I have a Windows 10 Pro machine; the administrator (and only) account is a Microsoft account. I am trying to set up BitLocker to ensure maximum security and safety, even from Microsoft.

I understand that I can choose to disallow BitLocker from saving the recovery key to my Microsoft account.

However, does this option matter at all if my user account is a connected Microsoft account anyway? Microsoft already has my user account password. Couldn't Microsoft just use the actual password (which it has) to decrypt the data (given access to the physical drive) instead of the recovery key?

2 Answers 2


BitLocker is technology to encrypt the disk drive pror ANY software, including OS, try to access it. Your Microsoft account acts on OS level as user credentials and in practice there could be more than one registered user account on one PC. Which automatically make nonsense to mix the encryption key with the user accout. Moreover, normal account password length is between 8 and 12 characters, when BitLocker key is much longer and complex. Finally, but not last, Microsoft provide additional methods of managing BitLocker key in corporate environment through ActiveDirectory, which is a level above your private home usage.


Yes that option matters. It allows you to save your key locally. Which I recommend doing rather than putting it in the cloud.

  • Thank you for your reply. Unfortunately, this does not answer my question completely. I see the value in the option apart from a connected Microsoft user account.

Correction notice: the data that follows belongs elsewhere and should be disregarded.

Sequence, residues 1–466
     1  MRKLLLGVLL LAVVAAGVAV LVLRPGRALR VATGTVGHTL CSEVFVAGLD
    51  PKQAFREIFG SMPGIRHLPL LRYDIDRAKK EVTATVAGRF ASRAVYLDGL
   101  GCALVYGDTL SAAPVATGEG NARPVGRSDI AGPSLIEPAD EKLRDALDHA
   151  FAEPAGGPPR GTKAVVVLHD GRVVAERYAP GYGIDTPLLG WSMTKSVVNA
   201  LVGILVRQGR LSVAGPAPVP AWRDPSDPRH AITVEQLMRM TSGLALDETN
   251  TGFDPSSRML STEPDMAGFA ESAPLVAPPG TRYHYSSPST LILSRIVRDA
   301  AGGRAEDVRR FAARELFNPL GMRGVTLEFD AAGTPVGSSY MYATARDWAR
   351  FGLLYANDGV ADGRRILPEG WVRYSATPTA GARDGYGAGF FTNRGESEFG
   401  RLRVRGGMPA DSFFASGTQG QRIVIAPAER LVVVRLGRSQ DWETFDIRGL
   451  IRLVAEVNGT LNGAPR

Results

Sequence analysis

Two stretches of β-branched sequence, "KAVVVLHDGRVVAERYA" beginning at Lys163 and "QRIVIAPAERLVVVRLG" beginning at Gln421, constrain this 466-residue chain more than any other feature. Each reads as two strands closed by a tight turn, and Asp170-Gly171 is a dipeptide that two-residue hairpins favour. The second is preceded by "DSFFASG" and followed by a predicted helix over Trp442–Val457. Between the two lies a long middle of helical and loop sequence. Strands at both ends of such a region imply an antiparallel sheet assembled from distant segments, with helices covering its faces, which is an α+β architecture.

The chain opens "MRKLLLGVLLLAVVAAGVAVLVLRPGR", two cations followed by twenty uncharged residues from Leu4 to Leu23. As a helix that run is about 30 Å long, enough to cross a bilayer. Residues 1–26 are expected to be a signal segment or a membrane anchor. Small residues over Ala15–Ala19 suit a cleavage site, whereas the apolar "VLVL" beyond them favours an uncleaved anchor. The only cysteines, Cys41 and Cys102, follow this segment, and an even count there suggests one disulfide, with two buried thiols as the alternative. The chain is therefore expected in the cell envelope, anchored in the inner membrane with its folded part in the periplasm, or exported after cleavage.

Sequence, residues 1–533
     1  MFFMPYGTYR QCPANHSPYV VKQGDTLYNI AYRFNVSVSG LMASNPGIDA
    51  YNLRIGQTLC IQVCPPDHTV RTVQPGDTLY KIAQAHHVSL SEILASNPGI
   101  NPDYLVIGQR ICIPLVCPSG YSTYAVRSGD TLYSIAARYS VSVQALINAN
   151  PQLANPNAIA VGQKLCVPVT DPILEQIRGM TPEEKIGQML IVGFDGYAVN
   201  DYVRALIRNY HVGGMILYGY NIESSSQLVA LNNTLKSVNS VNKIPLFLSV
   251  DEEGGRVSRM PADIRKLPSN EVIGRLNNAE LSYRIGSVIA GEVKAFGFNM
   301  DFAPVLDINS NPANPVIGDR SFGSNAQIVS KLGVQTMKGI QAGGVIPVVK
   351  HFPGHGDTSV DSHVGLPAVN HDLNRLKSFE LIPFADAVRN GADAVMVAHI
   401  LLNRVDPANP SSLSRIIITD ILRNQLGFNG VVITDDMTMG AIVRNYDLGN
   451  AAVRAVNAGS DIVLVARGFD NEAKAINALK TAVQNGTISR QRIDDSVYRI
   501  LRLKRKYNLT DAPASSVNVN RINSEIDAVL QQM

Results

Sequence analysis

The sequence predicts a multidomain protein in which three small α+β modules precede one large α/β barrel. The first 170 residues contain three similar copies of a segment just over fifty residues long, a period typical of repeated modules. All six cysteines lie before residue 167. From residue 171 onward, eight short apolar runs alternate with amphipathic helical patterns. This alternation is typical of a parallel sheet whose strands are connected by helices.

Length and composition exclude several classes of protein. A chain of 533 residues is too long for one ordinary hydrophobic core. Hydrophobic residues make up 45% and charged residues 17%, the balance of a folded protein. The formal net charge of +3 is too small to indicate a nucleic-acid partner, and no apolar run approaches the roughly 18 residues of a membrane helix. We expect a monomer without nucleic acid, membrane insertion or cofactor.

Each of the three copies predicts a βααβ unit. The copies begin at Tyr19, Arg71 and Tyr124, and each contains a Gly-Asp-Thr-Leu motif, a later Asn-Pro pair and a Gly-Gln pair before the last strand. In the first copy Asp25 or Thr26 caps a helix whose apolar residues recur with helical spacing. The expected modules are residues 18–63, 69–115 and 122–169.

– Daniel
    Jan 31, 2019 at 6:16
  • I'm confused... let's step back for a second. When one configures bitlocker, they have the option to (more or less, without being pedantic) store the key remotely or locally. If you select the Microsoft Account option, it's going to put it in your OneDrive account. The bitlocker key and the password to OneDrive are not the same (re: "Couldn't Microsoft just use the actual password"). If you select the save to file option, you can put the key on a USB drive and then protect that drive accordingly.
    – MGoBlue93
    Jan 31, 2019 at 16:30
  • I understand the rationale for storing the key locally. However, my assumption is that the BitLocker encryption key and the user-account password are related to each other. So, if Microsoft has my user-account password (because it’s a connected Microsoft account), I’m imagining that they could use this information to somehow unlock the BitLocker encryption key and decrypt my files, given access to the physical drive. Obviously, this wouldn’t be a concern with a local non-Microsoft-connected user account.
    – Daniel
    Jan 31, 2019 at 20:39
  • 1
    @MGoBlue93 I think OP's confusion is around the fact that logging-in to their PC's account (which is linked to a Microsoft account) will give the OP access to the hard-drive. The OP's fear / assumption seems to be that because of that link, Microsoft – if in possession of the hard-drive – would be able to login using the Microsoft account and also gain access (irrespective of where the recovery key was stored). [cont]
    – TripeHound
    Oct 28, 2019 at 9:40
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    [cont] My assumption / guess / hope is that would only be possible if you knew the appropriate password (to the PC-account and/or the Microsoft account), and that Microsoft do not know the password. Therefore, they wouldn't be able to access the hard-drive, and that @Daniel's fears are unwarranted (but I don't know enough about Microsoft accounts to be certain...)
    – TripeHound
    Oct 28, 2019 at 9:42

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